Mar 03, 2017 News
– Local companies benefit from US$150M of amount
ExxonMobil and its partners have thus far expended US$800M on oil and gas exploration activities being conducted in the Stabroek Block, 120 miles offshore Guyana. Of this sum, US$150M has been spent with companies
registered in Guyana for goods and services.
This disclosure was made yesterday by ExxonMobil Country Manager Jeff Simons during a media breakfast session organised by the Ministry of Natural Resources at the Herdmanston Lodge, Georgetown.
Simons said, “To give you a sense of what we’ve done to date, we’ve spent about US$800M so far on the project, that’s from inception, that’s from the start of the Stabroek Block…and about a US$150M has gone to Guyanese companies.” He added that a total of 177 Guyanese companies would have benefitted from the expenditure.
Speaking further on ways in which Guyanese have benefited to date on the project, Simons said that roughly 700 persons have been employed – those who can say that they are working on the project. He added that Guyanese represent half of the estimated number.
He said that some of the goods and services which have been utilised by the project from local companies include shore-based fuel supplies, transportation, hotel accommodation, aviation and waste management.
According to Simons, since beginning exploration, a number of companies have come into Guyana and have registered here as Guyanese entities.
The country manager also said that when the time comes for the specialised ships to be brought to Guyana, a number of contracts will be tendered for the installation of manifolds and surf equipment which will see about 650 persons working on each ship.
Further, he said that actual drilling activity would require about 250 employees. He said that to facilitate this process there will be a huge emphasis on local training, whereby experts would be brought into the country on the drilling vessels.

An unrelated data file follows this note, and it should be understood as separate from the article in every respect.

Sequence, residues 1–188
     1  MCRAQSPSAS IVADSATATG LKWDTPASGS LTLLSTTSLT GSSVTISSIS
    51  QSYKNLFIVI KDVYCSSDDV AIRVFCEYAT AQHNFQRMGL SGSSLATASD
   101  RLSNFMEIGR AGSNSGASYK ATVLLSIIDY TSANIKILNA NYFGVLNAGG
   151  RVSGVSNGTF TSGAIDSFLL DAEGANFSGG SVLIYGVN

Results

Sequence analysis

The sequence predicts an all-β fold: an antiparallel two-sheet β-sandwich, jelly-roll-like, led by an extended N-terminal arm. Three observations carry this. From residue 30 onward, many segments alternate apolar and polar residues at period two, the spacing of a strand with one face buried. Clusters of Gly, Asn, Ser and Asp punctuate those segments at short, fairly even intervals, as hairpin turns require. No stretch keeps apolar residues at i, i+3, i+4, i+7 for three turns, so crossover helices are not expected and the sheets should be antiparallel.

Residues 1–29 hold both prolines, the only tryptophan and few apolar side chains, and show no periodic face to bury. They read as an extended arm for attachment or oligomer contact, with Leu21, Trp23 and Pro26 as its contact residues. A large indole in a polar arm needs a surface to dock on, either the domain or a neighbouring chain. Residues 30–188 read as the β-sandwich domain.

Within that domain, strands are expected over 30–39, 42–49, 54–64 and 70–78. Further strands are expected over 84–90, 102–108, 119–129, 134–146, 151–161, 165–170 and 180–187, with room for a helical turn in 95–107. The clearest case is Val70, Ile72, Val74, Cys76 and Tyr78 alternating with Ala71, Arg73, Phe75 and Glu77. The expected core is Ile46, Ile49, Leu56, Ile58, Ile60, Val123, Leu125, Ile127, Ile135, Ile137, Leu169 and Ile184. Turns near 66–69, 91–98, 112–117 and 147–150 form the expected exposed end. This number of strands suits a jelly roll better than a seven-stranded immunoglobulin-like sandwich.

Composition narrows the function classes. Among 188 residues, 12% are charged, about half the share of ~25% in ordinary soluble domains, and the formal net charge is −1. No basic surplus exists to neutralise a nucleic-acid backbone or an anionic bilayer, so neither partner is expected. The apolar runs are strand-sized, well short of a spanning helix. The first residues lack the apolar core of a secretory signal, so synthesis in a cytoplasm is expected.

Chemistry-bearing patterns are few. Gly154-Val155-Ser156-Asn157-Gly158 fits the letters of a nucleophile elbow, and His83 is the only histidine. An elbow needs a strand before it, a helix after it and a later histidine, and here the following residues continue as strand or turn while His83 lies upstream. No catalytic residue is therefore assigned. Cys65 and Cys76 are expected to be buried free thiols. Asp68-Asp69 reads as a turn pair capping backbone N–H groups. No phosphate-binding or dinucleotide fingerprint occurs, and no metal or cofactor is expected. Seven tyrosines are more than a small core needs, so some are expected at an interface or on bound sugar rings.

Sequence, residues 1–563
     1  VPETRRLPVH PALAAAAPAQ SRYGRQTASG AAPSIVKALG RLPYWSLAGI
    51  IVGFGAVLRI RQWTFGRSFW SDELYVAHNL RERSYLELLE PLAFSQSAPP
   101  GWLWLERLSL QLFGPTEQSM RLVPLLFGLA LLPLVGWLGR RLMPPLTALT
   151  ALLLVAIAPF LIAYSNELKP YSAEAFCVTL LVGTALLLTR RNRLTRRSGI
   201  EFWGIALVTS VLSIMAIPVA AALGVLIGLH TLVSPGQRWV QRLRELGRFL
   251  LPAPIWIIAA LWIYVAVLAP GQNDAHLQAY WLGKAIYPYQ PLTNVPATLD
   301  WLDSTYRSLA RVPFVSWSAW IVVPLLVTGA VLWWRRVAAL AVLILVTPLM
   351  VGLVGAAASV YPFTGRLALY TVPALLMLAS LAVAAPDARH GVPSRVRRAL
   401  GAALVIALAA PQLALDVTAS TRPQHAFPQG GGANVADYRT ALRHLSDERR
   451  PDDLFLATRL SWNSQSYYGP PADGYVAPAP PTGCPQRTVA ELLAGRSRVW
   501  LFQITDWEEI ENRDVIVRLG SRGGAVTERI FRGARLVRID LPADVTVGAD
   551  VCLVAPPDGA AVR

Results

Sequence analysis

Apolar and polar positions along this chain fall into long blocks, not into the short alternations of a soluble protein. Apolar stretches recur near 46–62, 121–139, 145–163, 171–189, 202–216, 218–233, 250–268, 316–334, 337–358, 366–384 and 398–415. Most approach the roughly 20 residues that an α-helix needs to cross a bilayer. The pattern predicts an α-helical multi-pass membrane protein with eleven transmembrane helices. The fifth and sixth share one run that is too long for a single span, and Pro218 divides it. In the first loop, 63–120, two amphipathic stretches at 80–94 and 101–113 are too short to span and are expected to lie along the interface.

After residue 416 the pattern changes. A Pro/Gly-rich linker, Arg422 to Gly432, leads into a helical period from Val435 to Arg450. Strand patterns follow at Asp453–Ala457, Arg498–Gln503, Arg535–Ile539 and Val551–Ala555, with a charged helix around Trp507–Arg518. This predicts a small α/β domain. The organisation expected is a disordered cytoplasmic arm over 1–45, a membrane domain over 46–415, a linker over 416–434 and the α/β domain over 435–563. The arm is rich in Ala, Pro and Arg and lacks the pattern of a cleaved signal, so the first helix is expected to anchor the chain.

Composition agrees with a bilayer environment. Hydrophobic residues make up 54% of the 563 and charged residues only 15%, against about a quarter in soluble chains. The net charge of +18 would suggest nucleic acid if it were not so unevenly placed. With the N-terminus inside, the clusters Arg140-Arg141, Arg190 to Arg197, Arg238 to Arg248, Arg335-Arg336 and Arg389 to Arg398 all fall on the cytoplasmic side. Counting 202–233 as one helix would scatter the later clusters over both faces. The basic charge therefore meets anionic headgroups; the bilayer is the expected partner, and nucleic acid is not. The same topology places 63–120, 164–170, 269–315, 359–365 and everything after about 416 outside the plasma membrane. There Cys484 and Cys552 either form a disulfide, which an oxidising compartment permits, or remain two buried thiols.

As it relates to the actual production operations for phase one, Simons said that about 200 people will be needed to work on the project.
According to him, in the long run, the company is looking to have Guyanese fill about 80 to 90 per cent of the workforce needed for the production operation. However, he said that in the initial stages, foreigners will be in Guyana to provide the necessary training to locals.
“So what we’re doing right now to get ready for this is, we’ve performed an initial capacity assessment, looking at all the goods and services that will be required for these activities; at least at a high level – to take a look at what is currently in Guyana and at what needs to be beefed up in Guyana, and what is in Trinidad, which is where we are getting a lot of these items from and the expertise.”
As it relates to reaching out to other countries such as Trinidad and Tobago, when the question was posed as to where the oil will be refined, Minister of Natural Resources Raphael Trotman said that no decision has been made concerning the matter.
He reminded that recently Cabinet had approved a Consultancy on the issue so that government may be guided. Trotman said that some experts have said that a refinery should be built here which would cost above $2B.
However, he pointed to overtures made recently by the government of Trinidad and Tobago, whereby the government of Guyana was told that the twin-island state is currently operating below its refining capacity of 175,000 barrels per day.
The Minister said that as a result, Trinidad is currently importing oil from Nigeria and elsewhere, mixing it with Trinidadian oil, refining the product and exporting.
Trotman believes that soon a similar offer would be formally made to Guyana.
“Ministers were informed on Tuesday that Suriname has also indicated a willingness to do refining for Guyana. Why? Because they too have a refinery which is performing under par; which raises the question, should Guyana spend $2B on a refinery and in about 20 years, assuming that the only oil that we have is from the Liza, in about 20 to 25 years we’ll have to be looking elsewhere to do some refining.”
Based on this line of reasoning, Trotman said that the economics of the matter is still being worked out. He said that Exxon may wish to do some of its own refining, but the government of Guyana under the agreement can also determine whether it wishes to receive its portion in oil, and as such, can decide where that amount would be refined.
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